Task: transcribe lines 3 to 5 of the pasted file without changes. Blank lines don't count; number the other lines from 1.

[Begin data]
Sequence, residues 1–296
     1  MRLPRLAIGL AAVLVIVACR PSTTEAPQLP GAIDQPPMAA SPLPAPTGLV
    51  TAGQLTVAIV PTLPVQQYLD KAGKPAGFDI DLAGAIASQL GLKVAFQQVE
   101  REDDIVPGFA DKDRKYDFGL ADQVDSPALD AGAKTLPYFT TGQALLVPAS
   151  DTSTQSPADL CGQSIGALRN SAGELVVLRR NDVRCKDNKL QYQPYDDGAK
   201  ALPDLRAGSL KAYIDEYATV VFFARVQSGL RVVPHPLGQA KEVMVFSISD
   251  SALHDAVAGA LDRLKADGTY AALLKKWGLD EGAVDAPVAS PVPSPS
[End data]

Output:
    51  TAGQLTVAIV PTLPVQQYLD KAGKPAGFDI DLAGAIASQL GLKVAFQQVE
   101  REDDIVPGFA DKDRKYDFGL ADQVDSPALD AGAKTLPYFT TGQALLVPAS
   151  DTSTQSPADL CGQSIGALRN SAGELVVLRR NDVRCKDNKL QYQPYDDGAK